A Bilevel Approach for Energy Pricing Problems


Luce Brotcorne
Luce Brotcorne
  • Speaker
Institut National de Recherche en Informatique et en Auto

Event Information

Type
Research Seminar
Programme
Logistics
Date
Thu. 1 Dec. 2016
Contact
Rob Zuidwijk
Time
10:00 - 11:00
Location
T09-67


Abstract

Pricing models for demand side management methods are traditionally used to control electricity demand which became quite irregular recently and resulted in inefficiency in supply. In this work,we propose bilevel pricing models to explore the relationship  between energy suppliers and customers who are connected to a smart grid. The smart grid technology allows customers to keep track of hourly prices and shift their demand accordingly, and allows the provider to observe the actual demand response to its pricing strategy.

Due to their definition, bilevel models  enable to integrate customer response into the optimization process of supplier who aims to maximize revenue or minimize capacity requirements. In our setting, the energy provider acts as a leader (upper level) that takes into account a smart grid (lower level) that minimizes the sum of users' disutilities. The latter bases its decisions on the hourly prices set by the leader, as well as the schedule preferences set by the users for each task. The pricing problems, we model, belong to the category of single leader single follower problems.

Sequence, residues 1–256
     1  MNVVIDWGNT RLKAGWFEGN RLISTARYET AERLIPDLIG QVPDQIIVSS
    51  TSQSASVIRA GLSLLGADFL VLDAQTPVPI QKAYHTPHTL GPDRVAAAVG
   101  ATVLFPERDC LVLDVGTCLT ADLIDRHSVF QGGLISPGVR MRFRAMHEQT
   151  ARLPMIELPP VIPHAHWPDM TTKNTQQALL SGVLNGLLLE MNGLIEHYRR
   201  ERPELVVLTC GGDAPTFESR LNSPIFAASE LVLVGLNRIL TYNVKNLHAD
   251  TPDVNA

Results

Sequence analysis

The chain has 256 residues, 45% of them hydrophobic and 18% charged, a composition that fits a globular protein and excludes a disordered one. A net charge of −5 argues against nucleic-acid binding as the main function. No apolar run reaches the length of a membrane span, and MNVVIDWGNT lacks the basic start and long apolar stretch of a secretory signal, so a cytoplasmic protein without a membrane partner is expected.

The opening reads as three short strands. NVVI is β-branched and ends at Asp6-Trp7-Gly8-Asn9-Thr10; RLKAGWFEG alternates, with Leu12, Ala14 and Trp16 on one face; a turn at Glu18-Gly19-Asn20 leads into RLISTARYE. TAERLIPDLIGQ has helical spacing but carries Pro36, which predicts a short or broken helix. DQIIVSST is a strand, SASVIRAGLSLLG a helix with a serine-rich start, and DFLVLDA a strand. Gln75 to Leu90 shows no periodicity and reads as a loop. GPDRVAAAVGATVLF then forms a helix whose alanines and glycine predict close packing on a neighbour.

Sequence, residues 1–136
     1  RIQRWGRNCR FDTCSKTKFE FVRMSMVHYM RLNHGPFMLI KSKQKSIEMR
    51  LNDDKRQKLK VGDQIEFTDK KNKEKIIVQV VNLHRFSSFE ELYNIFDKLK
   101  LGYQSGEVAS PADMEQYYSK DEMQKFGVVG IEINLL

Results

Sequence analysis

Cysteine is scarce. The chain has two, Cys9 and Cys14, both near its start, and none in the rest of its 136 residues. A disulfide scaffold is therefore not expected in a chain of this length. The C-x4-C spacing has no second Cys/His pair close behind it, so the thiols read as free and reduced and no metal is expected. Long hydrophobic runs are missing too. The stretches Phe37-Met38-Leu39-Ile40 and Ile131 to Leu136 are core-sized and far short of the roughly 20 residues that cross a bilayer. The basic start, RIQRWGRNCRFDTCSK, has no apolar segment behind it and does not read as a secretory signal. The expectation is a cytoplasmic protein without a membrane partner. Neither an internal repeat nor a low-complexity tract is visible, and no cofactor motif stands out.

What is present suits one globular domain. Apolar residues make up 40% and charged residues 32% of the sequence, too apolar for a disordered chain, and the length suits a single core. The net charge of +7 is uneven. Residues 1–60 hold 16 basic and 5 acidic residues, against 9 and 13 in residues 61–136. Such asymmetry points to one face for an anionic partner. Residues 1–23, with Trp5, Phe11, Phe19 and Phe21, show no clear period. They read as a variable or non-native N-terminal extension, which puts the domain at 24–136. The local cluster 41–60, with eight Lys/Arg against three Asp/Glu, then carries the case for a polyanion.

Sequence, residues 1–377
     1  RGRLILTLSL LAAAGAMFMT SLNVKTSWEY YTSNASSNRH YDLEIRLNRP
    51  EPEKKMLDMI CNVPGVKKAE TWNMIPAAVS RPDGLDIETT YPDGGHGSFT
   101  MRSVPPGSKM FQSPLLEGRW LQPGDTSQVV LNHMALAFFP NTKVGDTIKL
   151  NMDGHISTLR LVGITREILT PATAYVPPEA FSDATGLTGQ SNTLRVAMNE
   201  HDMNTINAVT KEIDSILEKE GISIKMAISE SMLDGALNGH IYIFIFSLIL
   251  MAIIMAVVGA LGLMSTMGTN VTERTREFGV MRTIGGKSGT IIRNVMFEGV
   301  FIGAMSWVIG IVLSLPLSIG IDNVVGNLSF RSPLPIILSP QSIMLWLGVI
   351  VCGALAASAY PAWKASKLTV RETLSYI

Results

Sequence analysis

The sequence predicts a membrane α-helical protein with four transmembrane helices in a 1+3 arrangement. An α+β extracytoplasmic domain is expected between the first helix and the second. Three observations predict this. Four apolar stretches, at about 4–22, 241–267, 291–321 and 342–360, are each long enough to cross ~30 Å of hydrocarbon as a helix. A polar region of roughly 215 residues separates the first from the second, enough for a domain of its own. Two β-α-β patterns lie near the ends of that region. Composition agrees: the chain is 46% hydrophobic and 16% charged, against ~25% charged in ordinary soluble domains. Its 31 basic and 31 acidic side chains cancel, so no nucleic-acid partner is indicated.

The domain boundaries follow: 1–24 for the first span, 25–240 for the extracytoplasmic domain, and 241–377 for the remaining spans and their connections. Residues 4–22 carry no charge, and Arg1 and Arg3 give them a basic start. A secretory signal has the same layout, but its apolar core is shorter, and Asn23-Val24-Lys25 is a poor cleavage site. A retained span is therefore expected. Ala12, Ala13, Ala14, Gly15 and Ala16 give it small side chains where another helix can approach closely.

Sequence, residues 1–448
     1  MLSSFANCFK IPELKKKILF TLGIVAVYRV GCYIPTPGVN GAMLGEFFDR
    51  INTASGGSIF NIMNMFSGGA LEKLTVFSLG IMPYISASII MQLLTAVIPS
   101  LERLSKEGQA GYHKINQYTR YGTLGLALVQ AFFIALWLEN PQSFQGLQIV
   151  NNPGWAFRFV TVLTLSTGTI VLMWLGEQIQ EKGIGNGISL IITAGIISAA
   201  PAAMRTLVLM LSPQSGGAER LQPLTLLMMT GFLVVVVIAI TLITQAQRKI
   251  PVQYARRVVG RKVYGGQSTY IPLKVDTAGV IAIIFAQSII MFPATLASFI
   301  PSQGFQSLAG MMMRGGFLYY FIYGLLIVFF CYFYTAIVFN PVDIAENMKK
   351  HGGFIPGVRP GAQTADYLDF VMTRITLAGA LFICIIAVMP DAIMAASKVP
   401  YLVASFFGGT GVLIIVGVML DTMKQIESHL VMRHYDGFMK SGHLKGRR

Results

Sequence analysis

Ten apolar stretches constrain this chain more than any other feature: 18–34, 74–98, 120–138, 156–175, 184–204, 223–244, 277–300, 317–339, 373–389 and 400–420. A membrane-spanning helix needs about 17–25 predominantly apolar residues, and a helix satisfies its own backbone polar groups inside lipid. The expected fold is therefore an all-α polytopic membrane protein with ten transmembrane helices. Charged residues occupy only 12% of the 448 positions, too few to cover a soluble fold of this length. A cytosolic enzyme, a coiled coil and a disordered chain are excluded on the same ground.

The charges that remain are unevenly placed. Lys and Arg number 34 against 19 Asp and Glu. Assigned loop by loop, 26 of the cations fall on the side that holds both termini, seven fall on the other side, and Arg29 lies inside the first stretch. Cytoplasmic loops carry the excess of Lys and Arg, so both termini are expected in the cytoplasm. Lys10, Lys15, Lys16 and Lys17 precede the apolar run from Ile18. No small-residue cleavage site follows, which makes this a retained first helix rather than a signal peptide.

Considering both the monopolistic and competitive environment we present 2 bilevel bilinear problems with continuous variables. Heuristics solutions methods are defined to solve large size instances of the models. They are based on the interactions between prices, schedules and peaks. 

Numerical results on randomly generated instances illustrate numerically the validity of the approach, which achieves an `optimal' trade-off between three objectives: revenue, user cost, and peak demand.  Moreover, they put into highlight the ability of the heuristics to produce high quality results compared to the solution of MIP reformulations of the models.

Rob Zuidwijk
Endowed Professor of Ports in Global Networks
  • Coordinator